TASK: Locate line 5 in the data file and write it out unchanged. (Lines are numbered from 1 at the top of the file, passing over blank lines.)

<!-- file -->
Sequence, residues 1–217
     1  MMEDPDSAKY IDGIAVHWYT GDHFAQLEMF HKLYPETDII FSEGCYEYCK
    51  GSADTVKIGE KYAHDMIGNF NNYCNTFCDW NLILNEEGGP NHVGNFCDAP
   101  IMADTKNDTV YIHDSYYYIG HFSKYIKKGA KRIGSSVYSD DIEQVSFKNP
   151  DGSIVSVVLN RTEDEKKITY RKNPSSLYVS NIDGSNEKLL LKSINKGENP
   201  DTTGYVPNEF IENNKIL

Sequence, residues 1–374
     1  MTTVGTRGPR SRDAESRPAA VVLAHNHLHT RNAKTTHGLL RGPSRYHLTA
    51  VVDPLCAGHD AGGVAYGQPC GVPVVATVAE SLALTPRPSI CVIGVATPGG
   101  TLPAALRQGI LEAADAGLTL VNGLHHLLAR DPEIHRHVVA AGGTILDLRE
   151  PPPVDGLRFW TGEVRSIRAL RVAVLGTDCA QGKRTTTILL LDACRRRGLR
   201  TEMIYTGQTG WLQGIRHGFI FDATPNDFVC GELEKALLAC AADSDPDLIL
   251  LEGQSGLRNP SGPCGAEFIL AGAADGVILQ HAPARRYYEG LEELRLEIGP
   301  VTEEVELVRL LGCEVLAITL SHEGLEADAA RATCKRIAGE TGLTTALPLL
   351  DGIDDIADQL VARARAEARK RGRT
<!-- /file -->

   151  DGSIVSVVLN RTEDEKKITY RKNPSSLYVS NIDGSNEKLL LKSINKGENP